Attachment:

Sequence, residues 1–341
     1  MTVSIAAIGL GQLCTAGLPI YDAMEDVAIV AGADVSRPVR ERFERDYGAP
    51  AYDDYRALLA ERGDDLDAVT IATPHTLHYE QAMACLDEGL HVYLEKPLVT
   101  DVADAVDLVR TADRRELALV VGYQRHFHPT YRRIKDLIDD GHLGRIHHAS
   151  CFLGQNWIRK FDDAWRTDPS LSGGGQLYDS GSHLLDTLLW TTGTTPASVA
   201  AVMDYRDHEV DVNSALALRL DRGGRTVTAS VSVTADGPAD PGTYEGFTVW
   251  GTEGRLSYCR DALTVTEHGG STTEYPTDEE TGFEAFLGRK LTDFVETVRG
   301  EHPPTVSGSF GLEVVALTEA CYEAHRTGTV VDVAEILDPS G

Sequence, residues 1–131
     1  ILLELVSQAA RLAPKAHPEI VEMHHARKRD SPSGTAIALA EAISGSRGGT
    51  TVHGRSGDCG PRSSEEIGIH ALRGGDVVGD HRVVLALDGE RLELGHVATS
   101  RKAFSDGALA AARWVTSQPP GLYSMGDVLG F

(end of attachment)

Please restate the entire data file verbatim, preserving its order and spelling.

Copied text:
Sequence, residues 1–341
     1  MTVSIAAIGL GQLCTAGLPI YDAMEDVAIV AGADVSRPVR ERFERDYGAP
    51  AYDDYRALLA ERGDDLDAVT IATPHTLHYE QAMACLDEGL HVYLEKPLVT
   101  DVADAVDLVR TADRRELALV VGYQRHFHPT YRRIKDLIDD GHLGRIHHAS
   151  CFLGQNWIRK FDDAWRTDPS LSGGGQLYDS GSHLLDTLLW TTGTTPASVA
   201  AVMDYRDHEV DVNSALALRL DRGGRTVTAS VSVTADGPAD PGTYEGFTVW
   251  GTEGRLSYCR DALTVTEHGG STTEYPTDEE TGFEAFLGRK LTDFVETVRG
   301  EHPPTVSGSF GLEVVALTEA CYEAHRTGTV VDVAEILDPS G

Sequence, residues 1–131
     1  ILLELVSQAA RLAPKAHPEI VEMHHARKRD SPSGTAIALA EAISGSRGGT
    51  TVHGRSGDCG PRSSEEIGIH ALRGGDVVGD HRVVLALDGE RLELGHVATS
   101  RKAFSDGALA AARWVTSQPP GLYSMGDVLG F